“Don’t Let the Sun Go Down on Your Anger.”
…or for that matter, the anger of others when it’s pointed in your direction…
I snapped the cover picture for this post one evening this past summer. The sun was setting over Lake Tahoe and I had a couple hours to kill, so I grabbed the camera and headed to the Eastern side of the lake.
I patiently waited as the white hot sun drifted downward to become a glowing yellow ball, then a rippling orange mass and finally a deep red sliver slipping into the dark green trees on the Western shoreline.
The slow, dramatic sunset reminded me of that oft-quoted Bible verse regarding anger and our need to address it quickly and positively: “Don’t let the sun go down on your anger“.
Get Ready to Feel the Heat: As a Change Agent, there’s a good chance you’ll eventually end up in the middle of some fairly hot situations. Let’s face it: by definition you represent a threat to the status quo and anger is a common human reaction to many threats.
The key to performing well under this pressure is planning ahead and keeping your cool.
Let start this process at the moment loaded with the highest risk: the moment you’re faced with an angry outburst. Over the next few posts, I’ll share five ways you can unplug the anger, let go of the emotion and be more effective as a Change Agent the next time you face angry stakeholders or team members.
Here’s what I’ll typically do first:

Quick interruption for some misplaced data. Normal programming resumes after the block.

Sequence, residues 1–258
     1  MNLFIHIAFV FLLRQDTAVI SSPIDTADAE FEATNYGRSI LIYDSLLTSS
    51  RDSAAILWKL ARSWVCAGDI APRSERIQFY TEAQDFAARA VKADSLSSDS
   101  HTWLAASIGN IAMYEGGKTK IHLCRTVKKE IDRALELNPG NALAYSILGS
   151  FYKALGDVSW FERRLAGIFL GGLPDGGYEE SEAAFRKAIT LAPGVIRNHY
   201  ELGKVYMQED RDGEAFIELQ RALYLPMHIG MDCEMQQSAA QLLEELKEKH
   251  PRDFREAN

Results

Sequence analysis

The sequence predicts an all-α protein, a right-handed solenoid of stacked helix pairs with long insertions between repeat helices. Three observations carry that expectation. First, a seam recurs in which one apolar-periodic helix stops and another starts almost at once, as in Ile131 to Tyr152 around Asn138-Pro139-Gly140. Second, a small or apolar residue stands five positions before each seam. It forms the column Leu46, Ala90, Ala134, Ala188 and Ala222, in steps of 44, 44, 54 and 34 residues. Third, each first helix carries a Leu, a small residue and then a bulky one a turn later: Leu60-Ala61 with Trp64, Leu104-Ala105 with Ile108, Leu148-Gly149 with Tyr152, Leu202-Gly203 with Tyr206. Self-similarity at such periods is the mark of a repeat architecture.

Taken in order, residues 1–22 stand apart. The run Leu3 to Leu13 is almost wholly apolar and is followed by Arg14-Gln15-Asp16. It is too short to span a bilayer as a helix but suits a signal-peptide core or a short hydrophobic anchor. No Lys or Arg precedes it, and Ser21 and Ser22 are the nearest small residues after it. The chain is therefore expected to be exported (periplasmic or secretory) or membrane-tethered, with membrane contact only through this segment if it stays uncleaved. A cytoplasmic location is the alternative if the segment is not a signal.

1. Stop When You See RED! We’ve all been there: a person gets so upset about what’s going on that they lash out in anger. When this happens, try to:
a. Recognize what’s happening.
b. Evaluate the risk.
c. Delay any angry response.
First, Recognize what’s going on. If voices are raised and faces are turning red, it’s time to simply lay down what you’re doing. Let the other person(s) vent a little regarding whatever they’re upset about. Avoid the urge to swing back immediately – that would raise the chances of the exchange heating up even more. Just as importantly, don’t let it go as if nothing happened. Doing so would signal that lashing out is an appropriate response to the change.
Second, Evaluate the risk. If the person is gradually becoming more rational, maybe the venting can be followed by a civil, problem-solving exchange. If not, you might want to consider walking away and coming back later for another attempt at addressing the situation. Of course, if you sense that you’re in any physical danger whatsoever – leave immediately. No point in an argument is worth getting hurt over.
Finally, Delay your own anger. Resist the urge to respond in kind. (That could potentially undermine your credibility.) If you can bite your tongue long enough to weather the barrage, your calming demeanor could eventually be rewarded with an opening to address the person’s underlying concern.
It Isn’t Easy, But It Can Be Done: Helping an angry stakeholder or team member work through a difficult situation can be one of the most valuable skills you have as a Change Agent. However, your talent will not realize it’s full potential if you slip into the trap of responding to their anger with more anger.
Bottom Line: Angry outbursts happen occasionally in the heat of change. But anger will often cool off over time just as a hot summer day eventually cools off when the sun sets. Just remember to “Stop When You See RED”.
In my next article, I’ll get into how to address the content behind the outburst.
Questions for Chatter:
- In addition to the obvious emotional damage it can cause, what happens to our credibility as Change Agents if we give in to the urge to argue with an angry person?
- In your experience, how long should someone wait for another person to cool down before approaching them about an angry exchange?